EPA publishes national criteria for recycled aggregates

  • Construction waste is Ireland’s largest waste stream, and current recycling rates are too low.
  • Implementation of new national end-of-waste criteria will reduce construction waste going to landfills, and increase recycling rates.
  • Use of end-of-waste criteria for recycled aggregates will support green procurement in the built environment.

The Environmental Protection Agency (EPA) has today published National End-of-Waste Criteria for Recycled Aggregates. The criteria apply to aggregates recycled from construction and demolition waste, including soil and stone, concrete, bricks and ceramics. These criteria will allow for the safe reclassification of recycled aggregates from a waste to a product, which can be subsequently placed on the market.

There is a strong demand for recycled aggregates in Ireland to support development of new infrastructure with a low carbon footprint. The criteria allow for the replacement of virgin aggregates with recycled aggregates, in uses such as general fill, road construction, railway ballast and other non-structural uses.

Keeping materials in use is one of the fundamental elements of a circular economy. These criteria support and facilitate increased recycling in the construction, demolition and waste sectors.

Commenting on the criteria, Micheál Lehane, Director of the EPA’s Office of Environmental Sustainability, said:

“The publication of national end-of-waste criteria for recycled aggregates is a significant milestone for both the EPA and industry. The criteria will help tackle construction waste, the largest waste stream in the country and support the development of markets for recyclable materials. This is the type of progress which is needed if Ireland is to move in a meaningful way from the linear to the circular economy.”

End-of-waste criteria for recycled aggregates will also support national green procurement ambitions. A publicly-available register on the EPA website will enable buyers to confidently choose a registered supplier of quality recycled aggregates. 

Warren Phelan, Programme Manager of the EPA’s Circular Economy Programme noted:

“The publication of the criteria show the EPA’s commitment to streamlining the regulation of secondary products. This represents a shift away from the assessment of case-by-case applications to a national criteria available to all authorised producers. These criteria will introduce a level playing field for industry and introduce a single set of rules that are easy to implement.”

The EPA calls on industry and the waste sector to now adopt, implement and build upon the criteria established.

Further information on the national end-of-waste criteria and other initiatives of the circular economy programme are available on the EPA website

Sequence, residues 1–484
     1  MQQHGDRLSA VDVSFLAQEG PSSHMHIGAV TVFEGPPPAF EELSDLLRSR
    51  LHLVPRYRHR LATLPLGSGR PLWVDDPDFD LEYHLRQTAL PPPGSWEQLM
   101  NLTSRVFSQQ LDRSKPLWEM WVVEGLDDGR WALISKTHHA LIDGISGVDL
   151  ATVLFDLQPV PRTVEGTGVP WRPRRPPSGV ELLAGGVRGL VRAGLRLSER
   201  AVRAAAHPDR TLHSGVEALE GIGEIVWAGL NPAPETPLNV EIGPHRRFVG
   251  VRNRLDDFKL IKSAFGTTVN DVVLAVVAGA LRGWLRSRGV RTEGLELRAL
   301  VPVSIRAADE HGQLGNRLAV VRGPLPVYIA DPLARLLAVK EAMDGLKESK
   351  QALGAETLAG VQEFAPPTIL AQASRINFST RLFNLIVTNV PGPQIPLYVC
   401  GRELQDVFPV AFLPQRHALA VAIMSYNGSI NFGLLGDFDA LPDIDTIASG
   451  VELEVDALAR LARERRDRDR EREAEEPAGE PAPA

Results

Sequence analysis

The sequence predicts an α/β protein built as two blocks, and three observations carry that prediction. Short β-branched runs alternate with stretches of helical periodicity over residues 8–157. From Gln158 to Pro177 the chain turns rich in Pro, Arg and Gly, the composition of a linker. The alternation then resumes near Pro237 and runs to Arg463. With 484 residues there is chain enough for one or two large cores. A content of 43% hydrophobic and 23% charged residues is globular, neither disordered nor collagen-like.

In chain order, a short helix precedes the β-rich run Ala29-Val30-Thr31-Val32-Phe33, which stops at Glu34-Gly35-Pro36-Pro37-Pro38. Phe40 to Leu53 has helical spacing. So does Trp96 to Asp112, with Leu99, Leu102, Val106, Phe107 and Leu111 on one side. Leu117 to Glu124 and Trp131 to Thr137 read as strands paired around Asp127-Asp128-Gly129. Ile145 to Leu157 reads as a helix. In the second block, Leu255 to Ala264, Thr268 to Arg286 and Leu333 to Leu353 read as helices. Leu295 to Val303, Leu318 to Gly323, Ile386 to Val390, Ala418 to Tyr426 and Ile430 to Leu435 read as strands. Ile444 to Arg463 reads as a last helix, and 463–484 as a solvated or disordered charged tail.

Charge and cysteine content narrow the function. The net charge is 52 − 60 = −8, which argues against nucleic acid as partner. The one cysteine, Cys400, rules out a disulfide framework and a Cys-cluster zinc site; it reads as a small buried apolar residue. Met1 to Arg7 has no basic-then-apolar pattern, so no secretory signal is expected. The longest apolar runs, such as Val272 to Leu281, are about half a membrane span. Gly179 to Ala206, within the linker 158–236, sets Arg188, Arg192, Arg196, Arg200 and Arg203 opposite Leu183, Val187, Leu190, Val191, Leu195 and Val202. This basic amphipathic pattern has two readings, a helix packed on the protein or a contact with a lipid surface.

The EPA is the competent authority with regard to making decisions on end-of-waste status and by-product status.

Waste is a material which has been discarded.

End-of-waste refers to a process where material which is recovered or recycled from waste ceases to be a waste. End-of-waste criteria specify when certain waste ceases to be waste and become a product, often referred to as a secondary product or secondary raw material. The  recycling/ recovery of material from waste is a waste activity. Accordingly, any producer of end-of-waste material must hold an appropriate waste authorisation.

The published national criteria serve to meet the following targets set out in the 2021, Waste Action Plan for a Circular Economy:

  • Streamline the end-of-waste application and decision-making process. This will encourage greater use of the process by industry and assist in meeting Ireland’s recycling targets, thereby reducing pressure on waste disposal and recovery infrastructure;
  • Obtain end-of-waste status for a number of priority waste streams, particularly in the C&D sector.

Further works are ongoing by the EPA to develop national by-product criteria in regard to Construction & Demolition sector for soil & stone and site-won asphalt (road planings).

by-product is a substance or object, resulting from a production process, the primary aim of which is not the production of that item. By-product sits within the top tier “prevention” of the waste hierarchy. By-products are never considered waste. 

Further information in relation to end-of-waste is available on the EPA website.

Further information in relation to by-products is also available on the EPA website.

Circular economy: A circular economy is one where materials, including packaging, are recirculated and used again and again, and waste is minimised. To facilitate the move to a more circular economy, the European Commission put forward a Circular Economy Package in December 2015, which includes revised legislative proposals on waste, as well as a comprehensive Action Plan. The Irish Government published a new national waste policy, A Waste Action Plan for a Circular Economy, in September 2021.

Recycling means any recovery operation by which waste materials are reprocessed into products, materials or substances whether for the original or other purposes. It includes the reprocessing of organic material but does not include energy recovery and the reprocessing into materials that are to be used as fuels or for backfilling operations.

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